Two sisters were chatting with each other over tea at the farmhouse of the younger one. The elder sister who lived in town was not impressed with the living conditions ofher younger sister. She said it was terrible to live in a farm with minimum conveniences of life. However, the younger one had a different perspective. She said life in the farmhouse was free from tension and had less occasions for temptations compared to town.
Pahom, the younger sister’s husband who overheard their discussion said to himself, “It is perfectly true. Busy as we are from childhood tilling Mother Earth, we have no time to let any nonsense settle in our heads. Our only trouble is that we haven’t land enough. If I had plenty of land, I shouldn’t fear the Devil himself!”
Pahom, a peasant farmer, really thought if he had plenty of land he would be perfectly happy. Though he enjoyed farming he had no land of his own. He always tilled the land leased by a landlord for a huge fee. Hence, he had his heart set on acquiring a few acres of land. As luck would have it, a lady landlord was willing to sell him as many acres of land as he wanted. But he could only raise enough money for 40 acres of land. He managed to do that with the help of his brother-in-law who was happy to help him.
In quest of fortune
The new land brought him a fortune as all his crops were good. And he was very happy, but not for too long. He thought if he could acquire more land he could make more profit and thus he could find real happiness. It was then he heard land was available in a faraway village which was dirt cheap. In no time he sold his land and moved to the new place where he became part of a Commune through which he acquired 125 acres. Again his crops were good and he was able to make ten times more money than before.
Was Pahom happy when he made ten times more money? Not really. His only thought was if he had more land he could have made more profits. So again he set out to buy more land using his profits. He almost clinched a deal for 1300 acres when he heard that he could buy 13000 acres for the same amount of money in a faraway place. Immediately he set out for his new destination which was three hundred miles away.
When he reached the place, the ‘Baskhirs’ who owned the land welcomed him with open arms and offered to sell him land. “Our price is always the same,” their Chief said, “one thousand Rubles a day.” Confused at the offer,Pahom asked, “A day? What measure is that? How many acres that would be?” “We do not know how to reckon it out,” the Chief said. “We sell it by the day. As much as you can go around on your feet in a day is yours, and the price is one thousand rubles a day.”
Pahom could not believe his ears. He knew he could cover thousands of acres in a day on his feet. He dreamed of becoming the richest landlord in the country. “But there is a condition,” the Chief said. “If you do not return on the same day to the spot where you started, your money is lost.” Pahom thought the condition was reasonable. At the crack of dawn the next day, he ran with a spade digging holes and piling up dirt, thus marking the covered area.
The more land he saw the more ambitious he became. He ran non-stop till noon covering thousands of acres. Then he remembered he had to get back before sunset to where he had started to stake his claim for the land he covered. After quickly nourishing himself with food and drink which he had carried with him he began to run back in a circular direction.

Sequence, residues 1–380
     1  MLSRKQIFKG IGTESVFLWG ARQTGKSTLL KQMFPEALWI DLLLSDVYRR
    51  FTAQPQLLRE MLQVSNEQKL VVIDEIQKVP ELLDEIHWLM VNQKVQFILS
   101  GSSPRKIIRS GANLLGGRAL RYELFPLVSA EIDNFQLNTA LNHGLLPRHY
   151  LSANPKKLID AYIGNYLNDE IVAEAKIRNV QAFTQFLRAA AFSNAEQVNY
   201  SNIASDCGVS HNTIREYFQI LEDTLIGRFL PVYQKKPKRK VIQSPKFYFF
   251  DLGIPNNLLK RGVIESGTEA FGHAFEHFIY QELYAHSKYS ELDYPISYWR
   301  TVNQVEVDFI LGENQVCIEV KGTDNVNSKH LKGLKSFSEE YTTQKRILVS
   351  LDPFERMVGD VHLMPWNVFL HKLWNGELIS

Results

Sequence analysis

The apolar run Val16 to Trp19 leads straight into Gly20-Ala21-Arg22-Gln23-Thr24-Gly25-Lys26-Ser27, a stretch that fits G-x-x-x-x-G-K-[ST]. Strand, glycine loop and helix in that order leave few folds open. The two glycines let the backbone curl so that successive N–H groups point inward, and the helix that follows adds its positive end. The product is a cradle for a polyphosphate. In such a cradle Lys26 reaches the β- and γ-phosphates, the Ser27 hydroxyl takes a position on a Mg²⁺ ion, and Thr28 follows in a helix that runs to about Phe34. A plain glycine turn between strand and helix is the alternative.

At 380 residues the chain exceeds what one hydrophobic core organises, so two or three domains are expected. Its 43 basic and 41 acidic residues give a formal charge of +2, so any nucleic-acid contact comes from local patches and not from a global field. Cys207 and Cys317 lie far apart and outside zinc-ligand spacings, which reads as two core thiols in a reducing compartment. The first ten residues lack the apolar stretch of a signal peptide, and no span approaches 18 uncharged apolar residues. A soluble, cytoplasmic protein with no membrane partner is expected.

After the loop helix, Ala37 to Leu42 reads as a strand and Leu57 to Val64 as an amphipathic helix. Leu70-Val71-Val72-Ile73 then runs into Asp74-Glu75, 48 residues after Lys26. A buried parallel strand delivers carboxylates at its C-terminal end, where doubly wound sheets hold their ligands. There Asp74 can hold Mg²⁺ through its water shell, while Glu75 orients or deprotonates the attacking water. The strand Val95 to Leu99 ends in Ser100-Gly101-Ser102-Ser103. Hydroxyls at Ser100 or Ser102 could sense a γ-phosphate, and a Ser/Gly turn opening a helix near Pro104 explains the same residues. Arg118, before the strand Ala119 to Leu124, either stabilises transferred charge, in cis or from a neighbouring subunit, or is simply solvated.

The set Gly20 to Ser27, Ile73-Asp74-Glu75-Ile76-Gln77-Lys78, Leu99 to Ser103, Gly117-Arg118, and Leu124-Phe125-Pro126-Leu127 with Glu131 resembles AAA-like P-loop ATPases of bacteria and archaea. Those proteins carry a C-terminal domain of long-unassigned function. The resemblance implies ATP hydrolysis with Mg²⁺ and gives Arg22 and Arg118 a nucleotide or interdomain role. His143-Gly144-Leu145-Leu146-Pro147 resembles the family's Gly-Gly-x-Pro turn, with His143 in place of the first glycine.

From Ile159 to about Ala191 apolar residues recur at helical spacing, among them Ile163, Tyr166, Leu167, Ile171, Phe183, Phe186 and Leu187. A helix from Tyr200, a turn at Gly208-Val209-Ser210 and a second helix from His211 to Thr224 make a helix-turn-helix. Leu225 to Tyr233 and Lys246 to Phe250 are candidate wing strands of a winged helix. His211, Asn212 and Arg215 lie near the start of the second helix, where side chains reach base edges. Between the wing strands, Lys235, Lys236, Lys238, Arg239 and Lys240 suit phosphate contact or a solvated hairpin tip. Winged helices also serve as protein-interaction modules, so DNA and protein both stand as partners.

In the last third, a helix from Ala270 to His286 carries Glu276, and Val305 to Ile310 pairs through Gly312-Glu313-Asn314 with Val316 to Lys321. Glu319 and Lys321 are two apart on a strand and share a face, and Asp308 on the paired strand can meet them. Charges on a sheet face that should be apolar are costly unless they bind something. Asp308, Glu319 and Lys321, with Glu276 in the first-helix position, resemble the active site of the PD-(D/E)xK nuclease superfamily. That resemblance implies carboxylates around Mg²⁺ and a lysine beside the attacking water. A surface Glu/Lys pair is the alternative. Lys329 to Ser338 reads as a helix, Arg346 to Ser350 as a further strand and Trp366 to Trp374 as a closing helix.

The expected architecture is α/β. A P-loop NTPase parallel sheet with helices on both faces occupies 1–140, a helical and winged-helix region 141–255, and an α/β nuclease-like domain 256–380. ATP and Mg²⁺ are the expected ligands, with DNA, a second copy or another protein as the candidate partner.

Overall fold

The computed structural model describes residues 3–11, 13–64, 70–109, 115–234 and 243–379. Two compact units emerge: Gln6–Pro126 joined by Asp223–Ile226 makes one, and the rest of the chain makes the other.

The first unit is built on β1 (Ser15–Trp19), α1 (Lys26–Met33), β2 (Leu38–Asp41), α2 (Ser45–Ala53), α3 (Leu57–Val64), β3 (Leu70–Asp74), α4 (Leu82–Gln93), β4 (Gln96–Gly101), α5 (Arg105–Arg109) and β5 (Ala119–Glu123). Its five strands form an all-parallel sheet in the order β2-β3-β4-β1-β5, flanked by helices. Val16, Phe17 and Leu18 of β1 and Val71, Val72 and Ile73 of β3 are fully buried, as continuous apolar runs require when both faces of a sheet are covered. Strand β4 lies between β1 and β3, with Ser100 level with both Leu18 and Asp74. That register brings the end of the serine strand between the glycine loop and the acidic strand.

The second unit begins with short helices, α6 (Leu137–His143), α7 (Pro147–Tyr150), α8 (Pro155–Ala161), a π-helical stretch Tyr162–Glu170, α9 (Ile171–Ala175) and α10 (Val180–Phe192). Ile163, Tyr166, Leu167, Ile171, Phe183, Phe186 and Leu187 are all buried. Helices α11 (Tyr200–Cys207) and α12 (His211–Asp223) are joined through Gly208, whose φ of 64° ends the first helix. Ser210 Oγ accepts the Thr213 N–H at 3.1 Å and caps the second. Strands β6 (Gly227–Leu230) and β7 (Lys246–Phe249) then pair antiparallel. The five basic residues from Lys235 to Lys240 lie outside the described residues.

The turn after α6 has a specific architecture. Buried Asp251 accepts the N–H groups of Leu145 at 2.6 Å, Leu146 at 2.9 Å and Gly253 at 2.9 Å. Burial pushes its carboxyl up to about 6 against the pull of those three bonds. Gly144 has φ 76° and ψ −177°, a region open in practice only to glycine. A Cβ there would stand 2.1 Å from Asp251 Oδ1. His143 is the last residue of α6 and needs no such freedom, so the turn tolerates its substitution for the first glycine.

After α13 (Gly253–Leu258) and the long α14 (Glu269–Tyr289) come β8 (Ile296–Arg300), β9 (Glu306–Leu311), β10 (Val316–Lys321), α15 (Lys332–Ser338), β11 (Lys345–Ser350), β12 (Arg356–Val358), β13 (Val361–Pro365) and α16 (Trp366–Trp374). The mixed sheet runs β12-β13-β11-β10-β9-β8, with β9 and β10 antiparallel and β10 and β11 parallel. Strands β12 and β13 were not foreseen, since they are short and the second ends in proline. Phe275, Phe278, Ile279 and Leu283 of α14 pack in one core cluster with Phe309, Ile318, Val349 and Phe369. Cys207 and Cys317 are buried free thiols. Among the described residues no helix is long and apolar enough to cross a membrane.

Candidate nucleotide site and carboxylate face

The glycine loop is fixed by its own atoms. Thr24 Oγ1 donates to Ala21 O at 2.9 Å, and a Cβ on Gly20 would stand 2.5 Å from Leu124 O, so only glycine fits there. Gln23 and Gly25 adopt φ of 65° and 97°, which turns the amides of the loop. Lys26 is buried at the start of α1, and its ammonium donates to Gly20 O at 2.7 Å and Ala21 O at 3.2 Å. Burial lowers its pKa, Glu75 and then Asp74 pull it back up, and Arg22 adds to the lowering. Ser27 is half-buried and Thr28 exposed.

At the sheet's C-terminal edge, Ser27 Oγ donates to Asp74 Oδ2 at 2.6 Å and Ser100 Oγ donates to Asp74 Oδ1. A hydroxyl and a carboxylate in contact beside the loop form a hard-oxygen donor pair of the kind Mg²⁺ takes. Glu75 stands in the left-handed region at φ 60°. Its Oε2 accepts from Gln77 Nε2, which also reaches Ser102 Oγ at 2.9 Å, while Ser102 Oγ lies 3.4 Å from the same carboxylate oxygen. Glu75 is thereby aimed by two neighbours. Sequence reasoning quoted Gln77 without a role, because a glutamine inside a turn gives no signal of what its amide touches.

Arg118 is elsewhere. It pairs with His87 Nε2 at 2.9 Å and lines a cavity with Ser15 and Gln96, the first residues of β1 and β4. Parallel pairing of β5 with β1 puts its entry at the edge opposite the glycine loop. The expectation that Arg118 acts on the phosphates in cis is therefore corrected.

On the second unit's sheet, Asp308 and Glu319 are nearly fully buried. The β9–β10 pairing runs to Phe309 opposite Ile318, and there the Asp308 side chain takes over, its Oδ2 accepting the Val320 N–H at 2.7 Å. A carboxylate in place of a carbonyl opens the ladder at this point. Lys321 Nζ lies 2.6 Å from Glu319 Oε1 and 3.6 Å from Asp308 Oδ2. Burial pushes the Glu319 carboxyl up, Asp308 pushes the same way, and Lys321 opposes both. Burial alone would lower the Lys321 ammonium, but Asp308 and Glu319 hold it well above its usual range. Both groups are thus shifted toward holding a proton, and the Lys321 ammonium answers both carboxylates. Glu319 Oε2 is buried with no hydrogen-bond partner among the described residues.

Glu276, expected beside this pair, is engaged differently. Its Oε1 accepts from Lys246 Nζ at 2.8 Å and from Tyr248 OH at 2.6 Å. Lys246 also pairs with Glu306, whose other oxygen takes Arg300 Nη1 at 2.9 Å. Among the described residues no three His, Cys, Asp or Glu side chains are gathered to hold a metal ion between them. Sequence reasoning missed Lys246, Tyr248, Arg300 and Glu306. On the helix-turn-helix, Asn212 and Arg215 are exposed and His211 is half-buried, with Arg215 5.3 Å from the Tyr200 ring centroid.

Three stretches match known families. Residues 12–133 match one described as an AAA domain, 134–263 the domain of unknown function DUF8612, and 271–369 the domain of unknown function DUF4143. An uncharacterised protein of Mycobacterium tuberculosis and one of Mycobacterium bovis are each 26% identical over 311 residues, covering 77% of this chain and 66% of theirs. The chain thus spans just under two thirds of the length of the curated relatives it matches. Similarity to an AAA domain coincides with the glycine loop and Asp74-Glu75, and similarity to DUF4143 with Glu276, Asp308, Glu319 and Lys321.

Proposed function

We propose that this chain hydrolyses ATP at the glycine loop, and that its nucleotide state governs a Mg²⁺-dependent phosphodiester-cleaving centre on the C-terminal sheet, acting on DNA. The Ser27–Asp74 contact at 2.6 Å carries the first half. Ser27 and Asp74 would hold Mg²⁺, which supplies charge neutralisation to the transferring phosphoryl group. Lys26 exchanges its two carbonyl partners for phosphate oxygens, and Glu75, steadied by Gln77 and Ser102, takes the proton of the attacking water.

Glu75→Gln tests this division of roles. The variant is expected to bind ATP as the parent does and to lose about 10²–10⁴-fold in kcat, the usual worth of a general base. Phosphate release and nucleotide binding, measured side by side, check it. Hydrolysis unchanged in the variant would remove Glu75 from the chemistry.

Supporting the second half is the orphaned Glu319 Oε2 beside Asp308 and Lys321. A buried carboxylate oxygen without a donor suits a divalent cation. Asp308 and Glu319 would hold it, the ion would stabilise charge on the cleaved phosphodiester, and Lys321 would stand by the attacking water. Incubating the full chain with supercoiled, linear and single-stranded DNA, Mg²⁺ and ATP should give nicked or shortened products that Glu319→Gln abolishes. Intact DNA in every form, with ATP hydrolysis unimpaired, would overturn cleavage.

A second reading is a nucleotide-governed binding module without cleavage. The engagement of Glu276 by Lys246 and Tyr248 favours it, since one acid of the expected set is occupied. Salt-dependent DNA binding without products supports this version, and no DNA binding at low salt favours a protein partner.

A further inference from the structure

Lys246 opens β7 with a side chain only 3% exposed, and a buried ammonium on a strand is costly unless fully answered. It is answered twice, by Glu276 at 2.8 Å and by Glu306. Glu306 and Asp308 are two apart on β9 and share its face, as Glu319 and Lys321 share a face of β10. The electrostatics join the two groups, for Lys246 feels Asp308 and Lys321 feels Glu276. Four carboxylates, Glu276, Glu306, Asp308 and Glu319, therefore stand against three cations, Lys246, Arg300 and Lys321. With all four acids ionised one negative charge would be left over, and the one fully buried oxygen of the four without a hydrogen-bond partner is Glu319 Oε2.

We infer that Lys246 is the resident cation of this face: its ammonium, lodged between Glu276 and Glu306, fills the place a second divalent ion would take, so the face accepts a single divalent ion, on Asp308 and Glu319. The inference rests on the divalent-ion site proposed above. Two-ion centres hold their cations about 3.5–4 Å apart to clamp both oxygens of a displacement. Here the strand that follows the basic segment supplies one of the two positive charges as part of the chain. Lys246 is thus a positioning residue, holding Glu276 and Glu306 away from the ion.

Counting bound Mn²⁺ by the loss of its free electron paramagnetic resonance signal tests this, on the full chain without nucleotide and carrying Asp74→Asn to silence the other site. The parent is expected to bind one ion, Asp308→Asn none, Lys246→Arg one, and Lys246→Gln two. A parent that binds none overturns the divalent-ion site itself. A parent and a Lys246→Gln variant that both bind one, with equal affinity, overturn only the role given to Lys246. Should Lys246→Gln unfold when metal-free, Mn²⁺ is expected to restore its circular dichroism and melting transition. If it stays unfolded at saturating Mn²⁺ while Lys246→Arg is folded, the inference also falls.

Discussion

He ran under the scorching sun. Nothing could stop him;not fatigue; not hunger; not thirst. Fighting exhaustion and dehydration, he made it back. As everyone clapped including the Chief, congratulating on his achievement, he collapsed on the spot from where he had started. As his servant who had been waiting tried to help him, he found that Pahomwas dead!
“His servant picked up the spade and dug a grave long enough for Pahom to lie in, and buried him in it,” the famous Russian novelist Leo Tolstoy (1828-1910) writes concluding his famous short story, How much land does a man need? “Six feet from his head to his heels was all he needed.”
A bottomless pit
The celebrated German-born American Psychologist Erich Fromm (1900-1980) understood greed when he wrote, “Greed is a bottomless pit which exhausts the person in an endless effort to satisfy the need without ever reaching satisfaction.” Pahom had a genuine need for land. But the moment he got some land, his need became greed and nothing could stop him from pursuing his goal.
By presenting the story of Pahom from being a peasant farmer to an avaricious landlord, Tolstoy has successfully portrayed the flawed human nature which always craves for more in the form of more wealth, more fame, better job, bigger house, etc. There is nothing wrong in having ambition as long as it helps us achieve success, peace and satisfaction in life. However, if our ambition takes the form of greed, it will ultimately end up in disaster.
Greed is disaster not only for the greedy person but also for everyone who comes into contact with him. Since greed is not limited by any rules or guidelines, it will naturally lead to all kinds of vices like dishonesty, cheating, corruption, exploitation, envy and hatred. Greed will eventually destroy the greedy person and will adversely affect the people who come into contact with him. That is why people with an enlightened vision try to avoid greed,akin to the plague. Are we enlightened enough to see the dangers of greed which pulls us down into a bottomless pit?